Welcome to the Colombia Birdwatch Blog, hosted by Owner/Operator Christopher Calonje. I was born and raised in Cali, Colombia, and have been leading birding and nature tours throughout all regions of Colombia since 2008. I have always carried a camera on my travels, becoming an enthusiast of bird and lanscape photography. This blog is intended to be a showcase of the spectacular birds and scenery that one can experience in the five major regions of Colombia: Andean, Pacific, Caribbean, Amazon, and Orinoco. Subscribers will be able to keep track of my travels throughout Colombia,and view the birds and scenery I photograph during these amazing trips. The idea is that folks will learn about the plethora of birding localities that can be visited in Colombia, in hopes of encouraging birders to visit a country that holds 20% of the world's species of birds in less than 1% of the world's landmass.
I pride myself in knowing the ins and outs of Colombia, its mind-boggling avian diversity, diverse geography, amazing people, delicious food and interesting culture. I find extreme joy in showing off my country to birders and naturalists from around the globe, and want to extend an invitation to all of you to come visit the most avian-rich country on the planet.

Monday, November 5, 2012

Birding and Environmental Education in the Anchicaya Region of Colombia. Western Andes and Choco Bioregion

I have dedicated my first official blog to the Alto and Bajo Anchicaya region, a birding locality in southwestern Colombia. The area is easily accessed from the city of Cali, in the Cauca Valley Department, and is perhaps one of the best birding destinations in Colombia. I also chose this area for my first blog because I am very proud of the work we are doing there with Mapalina Birding Trails  and the students of El Cauchal and Bajo Anchicaya schools.  
The Anchicaya birding route begins in the town of El Queremal, situated on a plateau in the Western Andes Mountains. The recently paved and very lightly traveled road descends towards the port town of Buenaventura, offering birding opportunities along a large altitudinal gradient that includes cloud forests, subtropical foothill forests and Pacific lowland ecosystems. Over 350 species have been registered in the Alto and Bajo Anchicaya, and it is normal to see 100+ species in a day.  Two of the main target species are in the Cotinga family, Black-tipped Cotinga and Long-wattled Umbrellabird, of which males have an inflatable wattle with scaly feathers that they inflate during courtship. Anchicaya is also a true gem for beautiful Tanagers, including Scarlet-and-white, Lemon-rumped, Scarlet-browed, and Blue-whiskered.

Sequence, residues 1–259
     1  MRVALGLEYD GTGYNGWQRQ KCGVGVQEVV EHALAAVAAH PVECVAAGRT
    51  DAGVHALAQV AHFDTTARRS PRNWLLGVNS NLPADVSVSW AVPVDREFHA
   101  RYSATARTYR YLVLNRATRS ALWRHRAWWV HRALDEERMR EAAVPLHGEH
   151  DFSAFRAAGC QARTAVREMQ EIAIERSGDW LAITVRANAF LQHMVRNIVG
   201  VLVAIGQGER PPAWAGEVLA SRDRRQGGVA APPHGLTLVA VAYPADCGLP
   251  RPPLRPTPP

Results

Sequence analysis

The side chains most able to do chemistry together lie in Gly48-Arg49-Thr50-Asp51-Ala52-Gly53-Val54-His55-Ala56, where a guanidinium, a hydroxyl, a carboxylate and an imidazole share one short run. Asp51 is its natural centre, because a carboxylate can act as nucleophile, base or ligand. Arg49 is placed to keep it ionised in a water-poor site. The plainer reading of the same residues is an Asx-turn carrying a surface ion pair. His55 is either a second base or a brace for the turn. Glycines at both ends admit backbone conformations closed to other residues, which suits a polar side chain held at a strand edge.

Colombia Birdwatch is collaborating with Mapalina Birding Trails to support environmental education projects in the Anchicaya region. Educating the children in the communities that we visit on bird identification, conservation, craftsmanship, English,  and bird guiding, helps promote conservation of the forests, a love of the natural environment, and economic opportunities for the locals in a region where no such opportunities exist.
This year we started a project with Farallones National Park and the El Cauchal and Bajo Anchicaya schools and we have made several visits to the school to start with English, Art and Bird Identification classes. The classes have been an incredible success and we hope to be increasing the frequency of the classes to get our future birders hooked on birding. With a donation of binoculars from The Birders Exchange Program of the American Birding Association, we have been able to equip the kids with their first pairs of binoculars. Some noteworthy species  we encountered on our last trip include Lita Woodpecker, Blue-tailed Trogon, Violet-bellied and Tooth-billed Hummingbirds, Pallid Dove and Indigo-crowned Quail-Dove, Club-winged and White-crowned Manakins, Pale-eyed Thrush and Rufous-brown Solitaire. Please click on the flickr link below the pictures to view the entire album. Enjoy the pictures, and please comment!

No comments:

Post a Comment